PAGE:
In this open-label, randomized, phase 2 trial, treatment with trastuzumab deruxtecan led to significant improvements in response and overall survival in patients with HER2-positive gastric cancer.
Treatment with trastuzumab deruxtecan (Enhertu) led to significant improvements in response and overall survival (OS) in patients with HER2-positive gastric cancer compared with standard therapies, according to a study published in the New England Journal of Medicine.
Unlike metastatic breast cancer, no other HER2-directed agent has shown a significant benefit in this patient population thus far.
“The findings of this trial confirm those observed in a phase 1 trial of trastuzumab deruxtecan in patients with advanced HER2-positive gastric cancer (response according to investigator assessment, 43.2%; median progression-free survival [PFS], 5.6 months),” the authors wrote.
In this open-label, randomized, phase 2 trial, patients with centrally confirmed HER2-positive gastric or gastroesophageal junction adenocarcinoma that had progressed while they were receiving at least 2 previous therapies, including trastuzumab, were randomly assigned in a 2:1 ratio to receive either 6.4 mg per kilogram of body weight of trastuzumab deruxtecan every 3 weeks or physician’s choice of chemotherapy.
The primary end point was the objective response, per independent central view, and secondary endpoints included overall survival (OS), response duration, progression-free survival (PFS), confirmed response (response persisting ≥4 weeks), and safety. In the overall study cohort of 187 patients treated, 125 received trastuzumab deruxtecan and 62 chemotherapy (55 received irinotecan [Camptosar] and 7 paclitaxel [Taxol]).
An objective response was reported in 51% of the patients in the trastuzumab deruxtecan arm compared with 14% of those in the chemotherapy choice arm (P < 0.001). Moreover, OS was longer with trastuzumab deruxtecan than with chemotherapy (median, 12.5 months vs. 8.4 months; HR, 0.59; 95% CI, 0.3900.88; P = 0.01, which crossed the prespecified O’Brien–Fleming boundary [0.0202 on the basis of number of deaths]).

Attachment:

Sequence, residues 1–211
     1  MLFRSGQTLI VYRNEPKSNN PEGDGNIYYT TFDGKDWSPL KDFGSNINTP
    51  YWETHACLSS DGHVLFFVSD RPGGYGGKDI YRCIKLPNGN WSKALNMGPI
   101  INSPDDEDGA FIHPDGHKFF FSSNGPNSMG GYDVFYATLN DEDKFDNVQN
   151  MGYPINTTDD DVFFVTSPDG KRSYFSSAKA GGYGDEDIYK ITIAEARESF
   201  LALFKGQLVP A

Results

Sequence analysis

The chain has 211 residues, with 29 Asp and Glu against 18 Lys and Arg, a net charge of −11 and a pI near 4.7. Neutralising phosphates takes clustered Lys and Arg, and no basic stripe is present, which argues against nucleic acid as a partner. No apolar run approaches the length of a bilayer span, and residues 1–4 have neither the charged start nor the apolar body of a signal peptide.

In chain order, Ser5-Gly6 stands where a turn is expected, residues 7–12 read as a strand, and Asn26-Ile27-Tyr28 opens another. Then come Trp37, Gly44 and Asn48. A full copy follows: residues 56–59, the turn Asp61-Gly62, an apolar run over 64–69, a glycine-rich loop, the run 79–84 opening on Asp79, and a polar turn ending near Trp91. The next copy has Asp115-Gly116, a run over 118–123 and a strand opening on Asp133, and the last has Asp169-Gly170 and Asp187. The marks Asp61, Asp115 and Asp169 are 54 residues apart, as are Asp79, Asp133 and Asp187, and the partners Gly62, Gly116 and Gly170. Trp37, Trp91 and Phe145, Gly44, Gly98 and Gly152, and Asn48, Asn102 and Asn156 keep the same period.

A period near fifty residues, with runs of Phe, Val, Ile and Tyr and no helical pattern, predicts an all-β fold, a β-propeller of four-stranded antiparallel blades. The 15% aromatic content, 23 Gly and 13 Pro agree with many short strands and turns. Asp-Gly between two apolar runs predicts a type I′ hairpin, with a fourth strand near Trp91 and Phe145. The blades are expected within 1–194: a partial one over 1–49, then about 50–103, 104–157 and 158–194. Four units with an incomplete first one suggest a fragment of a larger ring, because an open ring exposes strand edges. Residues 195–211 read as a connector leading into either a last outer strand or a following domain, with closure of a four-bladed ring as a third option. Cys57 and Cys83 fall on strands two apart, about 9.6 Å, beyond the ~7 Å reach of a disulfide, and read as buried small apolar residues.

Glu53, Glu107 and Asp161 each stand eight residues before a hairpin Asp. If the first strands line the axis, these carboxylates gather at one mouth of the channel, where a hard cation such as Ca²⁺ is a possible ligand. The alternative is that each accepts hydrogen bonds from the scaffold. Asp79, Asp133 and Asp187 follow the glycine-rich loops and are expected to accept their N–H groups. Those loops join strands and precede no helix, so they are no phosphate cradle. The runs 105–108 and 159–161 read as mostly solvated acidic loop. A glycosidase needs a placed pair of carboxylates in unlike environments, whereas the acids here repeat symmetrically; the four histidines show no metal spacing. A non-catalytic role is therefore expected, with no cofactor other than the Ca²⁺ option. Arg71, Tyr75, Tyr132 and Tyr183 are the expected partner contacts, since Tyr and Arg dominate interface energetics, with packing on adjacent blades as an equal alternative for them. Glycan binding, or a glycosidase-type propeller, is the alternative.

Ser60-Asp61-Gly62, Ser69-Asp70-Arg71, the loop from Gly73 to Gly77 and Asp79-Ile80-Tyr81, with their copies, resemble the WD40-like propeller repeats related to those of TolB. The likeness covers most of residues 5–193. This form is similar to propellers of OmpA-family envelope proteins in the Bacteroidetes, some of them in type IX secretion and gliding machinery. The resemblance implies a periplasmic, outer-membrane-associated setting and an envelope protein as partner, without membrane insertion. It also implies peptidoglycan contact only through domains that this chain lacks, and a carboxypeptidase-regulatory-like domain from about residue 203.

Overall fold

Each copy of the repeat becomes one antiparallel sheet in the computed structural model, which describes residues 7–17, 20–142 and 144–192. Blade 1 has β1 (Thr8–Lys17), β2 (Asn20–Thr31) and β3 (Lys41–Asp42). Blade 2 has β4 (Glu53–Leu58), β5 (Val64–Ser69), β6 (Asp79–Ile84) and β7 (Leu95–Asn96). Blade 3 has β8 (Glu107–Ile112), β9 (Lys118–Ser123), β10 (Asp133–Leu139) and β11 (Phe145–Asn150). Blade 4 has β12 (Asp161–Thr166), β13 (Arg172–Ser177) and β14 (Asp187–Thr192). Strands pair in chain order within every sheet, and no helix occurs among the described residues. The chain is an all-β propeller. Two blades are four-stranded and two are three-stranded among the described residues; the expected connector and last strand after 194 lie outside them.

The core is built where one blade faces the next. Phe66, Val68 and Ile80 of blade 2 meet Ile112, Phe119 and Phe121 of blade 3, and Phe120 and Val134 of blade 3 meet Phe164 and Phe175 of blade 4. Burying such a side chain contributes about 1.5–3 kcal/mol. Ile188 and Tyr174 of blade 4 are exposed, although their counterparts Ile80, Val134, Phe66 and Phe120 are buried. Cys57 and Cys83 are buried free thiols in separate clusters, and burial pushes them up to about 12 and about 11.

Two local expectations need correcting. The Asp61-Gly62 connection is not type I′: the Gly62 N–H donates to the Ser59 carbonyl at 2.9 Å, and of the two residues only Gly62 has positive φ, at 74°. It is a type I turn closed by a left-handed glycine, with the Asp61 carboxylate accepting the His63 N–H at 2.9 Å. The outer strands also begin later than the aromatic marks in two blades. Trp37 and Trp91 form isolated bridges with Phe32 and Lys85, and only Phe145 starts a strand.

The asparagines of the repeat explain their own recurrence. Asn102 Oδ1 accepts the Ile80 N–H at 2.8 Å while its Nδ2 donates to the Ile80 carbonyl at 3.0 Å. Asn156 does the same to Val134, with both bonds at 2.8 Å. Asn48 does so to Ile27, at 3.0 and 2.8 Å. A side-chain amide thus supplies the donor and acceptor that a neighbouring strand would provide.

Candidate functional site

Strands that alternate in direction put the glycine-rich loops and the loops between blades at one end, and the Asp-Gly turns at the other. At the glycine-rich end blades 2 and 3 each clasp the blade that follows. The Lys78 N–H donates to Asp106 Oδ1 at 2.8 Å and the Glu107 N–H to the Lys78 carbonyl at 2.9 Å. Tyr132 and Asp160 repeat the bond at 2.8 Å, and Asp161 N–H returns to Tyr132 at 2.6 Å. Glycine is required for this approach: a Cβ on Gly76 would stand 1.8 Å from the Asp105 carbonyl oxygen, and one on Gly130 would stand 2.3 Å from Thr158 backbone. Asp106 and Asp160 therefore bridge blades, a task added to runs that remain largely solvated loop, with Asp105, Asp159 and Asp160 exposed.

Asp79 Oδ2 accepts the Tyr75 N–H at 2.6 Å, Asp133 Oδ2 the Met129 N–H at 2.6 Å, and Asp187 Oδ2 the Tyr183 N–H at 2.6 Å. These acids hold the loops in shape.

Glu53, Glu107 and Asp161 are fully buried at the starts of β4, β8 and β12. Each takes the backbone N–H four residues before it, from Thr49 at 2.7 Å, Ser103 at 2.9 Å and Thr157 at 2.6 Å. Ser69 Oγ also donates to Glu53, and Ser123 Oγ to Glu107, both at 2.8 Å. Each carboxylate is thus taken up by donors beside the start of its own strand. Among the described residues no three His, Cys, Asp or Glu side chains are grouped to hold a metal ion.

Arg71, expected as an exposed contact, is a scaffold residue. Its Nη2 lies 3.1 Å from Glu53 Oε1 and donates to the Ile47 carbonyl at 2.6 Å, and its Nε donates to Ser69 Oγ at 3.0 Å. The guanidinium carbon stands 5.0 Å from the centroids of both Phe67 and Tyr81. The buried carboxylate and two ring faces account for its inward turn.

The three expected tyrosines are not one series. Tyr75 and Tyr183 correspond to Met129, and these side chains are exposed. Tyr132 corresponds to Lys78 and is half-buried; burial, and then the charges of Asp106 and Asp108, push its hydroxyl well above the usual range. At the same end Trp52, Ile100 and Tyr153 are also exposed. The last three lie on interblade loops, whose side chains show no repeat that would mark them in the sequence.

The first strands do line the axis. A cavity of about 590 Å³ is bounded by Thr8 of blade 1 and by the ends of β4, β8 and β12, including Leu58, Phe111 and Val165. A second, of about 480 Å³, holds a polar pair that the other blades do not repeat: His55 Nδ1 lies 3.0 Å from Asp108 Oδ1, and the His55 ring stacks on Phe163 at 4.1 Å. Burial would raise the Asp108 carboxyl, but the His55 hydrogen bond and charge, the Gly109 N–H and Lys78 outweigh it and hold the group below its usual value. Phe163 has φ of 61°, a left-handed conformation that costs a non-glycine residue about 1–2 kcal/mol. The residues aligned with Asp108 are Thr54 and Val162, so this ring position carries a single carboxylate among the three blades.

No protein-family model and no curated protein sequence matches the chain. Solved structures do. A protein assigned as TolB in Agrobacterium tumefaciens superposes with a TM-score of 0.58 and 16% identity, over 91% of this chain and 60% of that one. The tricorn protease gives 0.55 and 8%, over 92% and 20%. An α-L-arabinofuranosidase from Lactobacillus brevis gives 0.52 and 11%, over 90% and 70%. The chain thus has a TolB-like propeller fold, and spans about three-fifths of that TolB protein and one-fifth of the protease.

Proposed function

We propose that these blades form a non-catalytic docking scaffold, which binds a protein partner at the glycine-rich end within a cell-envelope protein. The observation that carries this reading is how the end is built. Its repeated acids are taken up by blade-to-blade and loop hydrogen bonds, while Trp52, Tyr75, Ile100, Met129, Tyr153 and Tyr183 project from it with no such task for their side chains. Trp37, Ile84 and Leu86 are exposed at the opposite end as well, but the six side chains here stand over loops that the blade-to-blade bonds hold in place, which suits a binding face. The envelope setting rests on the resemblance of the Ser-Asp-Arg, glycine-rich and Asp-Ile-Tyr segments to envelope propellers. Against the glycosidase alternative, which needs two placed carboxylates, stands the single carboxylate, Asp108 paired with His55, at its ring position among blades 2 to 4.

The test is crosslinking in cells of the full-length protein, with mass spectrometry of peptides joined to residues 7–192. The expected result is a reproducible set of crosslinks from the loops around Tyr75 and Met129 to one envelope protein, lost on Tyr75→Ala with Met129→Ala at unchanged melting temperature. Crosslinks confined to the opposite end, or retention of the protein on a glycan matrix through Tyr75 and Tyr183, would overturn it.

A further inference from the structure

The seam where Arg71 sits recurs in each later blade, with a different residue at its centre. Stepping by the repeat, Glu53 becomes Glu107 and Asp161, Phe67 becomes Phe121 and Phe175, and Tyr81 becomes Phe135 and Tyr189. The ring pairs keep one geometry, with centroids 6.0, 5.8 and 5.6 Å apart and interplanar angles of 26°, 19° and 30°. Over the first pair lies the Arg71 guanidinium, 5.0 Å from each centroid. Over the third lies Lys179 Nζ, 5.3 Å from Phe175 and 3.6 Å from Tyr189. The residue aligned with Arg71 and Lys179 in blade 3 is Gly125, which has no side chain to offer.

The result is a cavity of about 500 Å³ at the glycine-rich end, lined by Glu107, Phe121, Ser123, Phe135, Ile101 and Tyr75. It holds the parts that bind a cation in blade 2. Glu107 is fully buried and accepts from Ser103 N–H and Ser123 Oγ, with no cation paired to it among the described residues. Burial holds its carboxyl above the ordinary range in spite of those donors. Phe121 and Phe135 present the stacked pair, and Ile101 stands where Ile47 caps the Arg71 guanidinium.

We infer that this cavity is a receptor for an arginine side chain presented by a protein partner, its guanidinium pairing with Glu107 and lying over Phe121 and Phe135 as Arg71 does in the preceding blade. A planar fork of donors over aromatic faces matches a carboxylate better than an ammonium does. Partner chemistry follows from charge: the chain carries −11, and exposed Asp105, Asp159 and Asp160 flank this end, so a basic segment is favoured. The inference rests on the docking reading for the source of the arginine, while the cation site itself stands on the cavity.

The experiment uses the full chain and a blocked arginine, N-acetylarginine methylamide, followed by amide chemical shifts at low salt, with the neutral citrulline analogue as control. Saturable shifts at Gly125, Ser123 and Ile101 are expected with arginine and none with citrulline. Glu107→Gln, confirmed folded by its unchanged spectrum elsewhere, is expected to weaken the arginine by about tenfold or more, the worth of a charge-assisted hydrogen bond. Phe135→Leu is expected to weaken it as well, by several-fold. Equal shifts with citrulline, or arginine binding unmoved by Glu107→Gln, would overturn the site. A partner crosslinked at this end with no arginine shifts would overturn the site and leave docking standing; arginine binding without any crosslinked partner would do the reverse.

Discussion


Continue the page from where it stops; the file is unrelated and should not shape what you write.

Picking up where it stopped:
“From the data obtained in this trial, lower levels of HER2 expression seem to be likely to result in lower percentages of patients with a response,” the authors wrote. “Biomarker analyses of patients’ tumor and liquid biopsy samples will be needed to provide information about the mechanism of action of trastuzumab deruxtecan and potential resistance mechanisms.”
With regard to safety, the most common adverse events (AEs) of grade 3 or higher observed were a decreased neutrophil count (51% in the trastuzumab deruxtecan arm; 24% in the chemotherapy arm), anemia (38% and 23%, respectively), and decreased white-cell count (21% and 11%). In addition, 12 patients experienced trastuzumab deruxtecan-related interstitial lung disease or pneumonitis (grade 1 or 2 in 9 patients; grade 3 or 4 in 3), as determined by an independent committee. One drug-related death due to pneumonia was also noted in the trastuzumab deruxtecan arm and no drug-related deaths occurred in the chemotherapy arm.
“These toxic effects were often addressed with dose modification. Although HER2-targeted therapies, including trastuzumab, have been associated with cardiotoxic effects, this was not observed in our trial,” the authors noted. “If interstitial lung disease is suspected, useful evaluations include high-resolution computed tomography, consultation with a pulmonologist, and testing of pulmonary function and oxygen saturation, as well as other tests as needed.”
A single-group, phase 2 trial is currently under way in the US and Europe to evaluate trastuzumab deruxtecan as a second-line therapy, following the receipt of first-line trastuzumab (NCT04014075).
Shitara K, Bang YJ, Iwasa S, et al. Trastuzumab Deruxtecan in Previously Treated HER2-Positive Gastric Cancer. N Engl J Med. doi:10.1056/NEJMoa2004413.